The best hiking pants 2024: don't let winter slow you down with our top trail trousers

Collage of the best hiking pants
(Image credit: Future)

The best hiking pants are designed to keep you protected from the elements as you venture into the backcountry, whether you're determined to stride on through winter, or feel like hibernating until spring.

At the darkest and coldest time of year you need serious help to stay safe on the trails, so you may be looking for wind beating insulation, waterproofing, and abrasion resistance if you're planning to head out in the worst conditions.

The best hiking pants provide protection against trail elements like prickly vegetation and sharp rock. These things have a harder time ruining your day if you're wearing quality protective trousers.

During the winter, especially at altitude, there's rain, snow, hail, spindrift and the rest to contend with. Some of the best hiking pants are fully waterproof, while others are merely water resistant, with freedom of movement and low weight higher on their priority list. Insulated softshell hiking pants can be coupled with the best rain pants, which stay in your backpack when it's dry and are quick to put on when the heavens open.

Featured here are what we think are the best hiking pants in 2024, a top notch selection of trousers fit for the trails, from great all-rounders to heavier, more robust pairs for mountaineering use and waterproof hardshell pants. Our best value pick are the Revolution Race GP Pro, which come with features often seen in premium brands, but at a surprisingly low price.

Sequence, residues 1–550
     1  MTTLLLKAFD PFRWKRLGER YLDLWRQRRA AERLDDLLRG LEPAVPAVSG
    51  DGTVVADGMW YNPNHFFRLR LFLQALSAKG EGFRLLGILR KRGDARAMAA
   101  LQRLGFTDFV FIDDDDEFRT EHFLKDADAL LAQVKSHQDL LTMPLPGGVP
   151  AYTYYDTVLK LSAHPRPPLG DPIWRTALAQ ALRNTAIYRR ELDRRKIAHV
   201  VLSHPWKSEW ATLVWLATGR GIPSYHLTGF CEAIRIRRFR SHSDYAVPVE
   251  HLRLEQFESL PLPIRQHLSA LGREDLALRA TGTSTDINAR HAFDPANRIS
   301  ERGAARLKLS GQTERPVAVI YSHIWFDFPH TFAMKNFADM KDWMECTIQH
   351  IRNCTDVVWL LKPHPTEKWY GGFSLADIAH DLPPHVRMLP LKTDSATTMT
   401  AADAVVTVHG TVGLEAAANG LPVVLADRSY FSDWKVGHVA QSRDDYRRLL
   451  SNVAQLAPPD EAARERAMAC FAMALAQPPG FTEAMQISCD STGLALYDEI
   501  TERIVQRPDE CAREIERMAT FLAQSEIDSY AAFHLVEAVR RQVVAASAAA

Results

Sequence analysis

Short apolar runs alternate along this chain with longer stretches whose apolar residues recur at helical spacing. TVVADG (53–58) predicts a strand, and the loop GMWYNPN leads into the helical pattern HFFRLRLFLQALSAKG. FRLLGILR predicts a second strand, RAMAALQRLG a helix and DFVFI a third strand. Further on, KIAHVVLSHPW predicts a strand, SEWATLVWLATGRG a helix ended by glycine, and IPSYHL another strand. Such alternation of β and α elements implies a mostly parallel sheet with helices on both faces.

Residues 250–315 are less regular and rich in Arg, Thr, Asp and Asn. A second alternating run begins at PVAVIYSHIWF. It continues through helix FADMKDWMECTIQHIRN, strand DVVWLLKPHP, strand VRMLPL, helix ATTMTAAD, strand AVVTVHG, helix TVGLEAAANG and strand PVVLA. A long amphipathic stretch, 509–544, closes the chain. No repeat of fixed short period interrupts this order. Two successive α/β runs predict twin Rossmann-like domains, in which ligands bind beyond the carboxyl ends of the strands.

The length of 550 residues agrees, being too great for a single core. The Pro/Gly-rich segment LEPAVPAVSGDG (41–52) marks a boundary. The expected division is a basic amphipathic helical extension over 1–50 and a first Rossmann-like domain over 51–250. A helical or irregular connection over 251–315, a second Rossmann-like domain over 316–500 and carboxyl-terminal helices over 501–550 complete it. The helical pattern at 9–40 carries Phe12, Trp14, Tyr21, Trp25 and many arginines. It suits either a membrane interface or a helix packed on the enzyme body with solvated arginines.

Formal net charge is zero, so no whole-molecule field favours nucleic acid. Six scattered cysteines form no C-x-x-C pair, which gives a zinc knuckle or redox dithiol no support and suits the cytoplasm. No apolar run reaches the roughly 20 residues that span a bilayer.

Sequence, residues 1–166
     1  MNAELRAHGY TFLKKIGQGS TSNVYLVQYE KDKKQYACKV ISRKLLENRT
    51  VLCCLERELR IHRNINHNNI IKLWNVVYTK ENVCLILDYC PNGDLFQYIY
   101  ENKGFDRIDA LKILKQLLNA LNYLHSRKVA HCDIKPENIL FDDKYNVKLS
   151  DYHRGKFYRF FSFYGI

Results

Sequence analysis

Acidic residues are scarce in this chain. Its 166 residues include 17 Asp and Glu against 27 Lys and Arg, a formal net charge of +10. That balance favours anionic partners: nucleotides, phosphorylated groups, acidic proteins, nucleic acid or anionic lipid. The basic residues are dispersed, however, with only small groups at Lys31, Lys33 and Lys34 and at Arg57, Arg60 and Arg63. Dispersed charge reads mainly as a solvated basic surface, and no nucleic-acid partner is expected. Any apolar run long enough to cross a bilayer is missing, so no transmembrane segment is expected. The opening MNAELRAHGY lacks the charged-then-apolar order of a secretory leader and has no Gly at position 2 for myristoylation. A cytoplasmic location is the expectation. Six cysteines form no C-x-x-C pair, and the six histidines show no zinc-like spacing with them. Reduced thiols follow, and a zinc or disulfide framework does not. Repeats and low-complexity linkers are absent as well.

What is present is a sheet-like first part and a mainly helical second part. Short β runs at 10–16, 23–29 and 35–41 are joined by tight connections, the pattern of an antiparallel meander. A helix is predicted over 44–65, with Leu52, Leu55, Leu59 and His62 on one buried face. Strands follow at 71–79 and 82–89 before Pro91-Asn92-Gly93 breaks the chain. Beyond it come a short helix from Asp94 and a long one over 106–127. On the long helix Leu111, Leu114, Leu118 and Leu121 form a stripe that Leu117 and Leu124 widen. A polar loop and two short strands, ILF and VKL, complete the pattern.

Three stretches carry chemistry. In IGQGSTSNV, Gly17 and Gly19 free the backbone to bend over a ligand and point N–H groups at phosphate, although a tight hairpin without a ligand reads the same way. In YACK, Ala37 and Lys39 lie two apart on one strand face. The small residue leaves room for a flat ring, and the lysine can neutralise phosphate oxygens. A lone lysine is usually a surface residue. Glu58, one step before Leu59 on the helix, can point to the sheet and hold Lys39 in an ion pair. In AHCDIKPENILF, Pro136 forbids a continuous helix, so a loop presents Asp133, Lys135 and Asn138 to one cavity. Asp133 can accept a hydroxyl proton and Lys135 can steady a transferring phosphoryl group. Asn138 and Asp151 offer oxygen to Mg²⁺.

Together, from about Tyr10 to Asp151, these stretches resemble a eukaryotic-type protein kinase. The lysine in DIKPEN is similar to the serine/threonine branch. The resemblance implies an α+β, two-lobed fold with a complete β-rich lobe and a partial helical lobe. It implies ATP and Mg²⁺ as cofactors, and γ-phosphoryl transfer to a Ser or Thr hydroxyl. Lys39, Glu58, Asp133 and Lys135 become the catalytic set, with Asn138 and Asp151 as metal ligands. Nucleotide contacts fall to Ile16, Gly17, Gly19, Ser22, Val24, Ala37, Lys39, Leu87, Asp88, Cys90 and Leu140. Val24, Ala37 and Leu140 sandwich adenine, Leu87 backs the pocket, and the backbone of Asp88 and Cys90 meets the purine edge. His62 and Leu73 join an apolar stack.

Meet the expert

You can trust Advnture Our expert reviewers spend days testing and comparing gear so you know how it will perform out in the real world. Find out more about how we test and compare products.

best fleece jackets: Artilect Halfmoon Bio Pullover
Pat Kinsella

Author of Caving, Canyoning, Coasteering…, a recently released book about all kinds of outdoor adventures around Britain, Pat has spent 20 years pursuing stories involving boots, bikes, boats, beers and bruises. En route he’s canoed Canada’s Yukon River, climbed Mont Blanc and Kilimanjaro, skied and mountain biked through the Norwegian Alps, run an ultra across the roof of Mauritius, and set short-lived records for trail-running Australia’s highest peaks and New Zealand’s Great Walks. Follow Pat’s escapades on Strava here and instagram here.

The quick list

The best everyday trousers

Columbia Maxtrail Midweight Walking Trousers

Highly functional, no-frills hiking pants for everyday walking, made from mostly recycled content   (Image credit: Pat Kinsella)
The best everyday hiking trousers

Specifications

Style: Lightweight hiking trousers
Gender specificity: Men’s and women’s versions available
Sizes: Inseam: 32in; Waist: 28–40
Weight (Men's large): 436g /15.4oz
Materials: Omni-shield – Recycled polyester (57%), non-recycled polyester (34%), Elastane (9%)
Compatability: Year-round, non-technical walking, hiking, trekking, travel and backpacking

Reasons to buy

+
Lightweight and comfortable
+
Windproof and water resistant
+
Convert to three-quarter length
+
Plenty of pockets

Reasons to avoid

-
Limited sizes
-
Basic belt

While the Maxtrail Midweight Warm hiking pants from Columbia are not going to blow your socks off with any fancy features, or revolutionise your hiking experiences with innovative ideas, they are a really reliable, reasonably robust and very wearable pair of walking pants, suitable for year-round use. Easy to care for and comfortable to wear, they’re ideal for coastal and countryside walks, and the occasional foray into higher hills and even mountains. Columbia’s Omnishield shell fabric is made from a material mix that includes recycled and non-recycled polyester (with the latter being the largest ingredient). Windproof and resistant to rain (up to a point), they retain their thermal properties when wet, and dry quickly if you do get a drenching. There’s also an Elastane element in these trousers that supplies a decent degree of flex, which means you can move freely on trails and crags.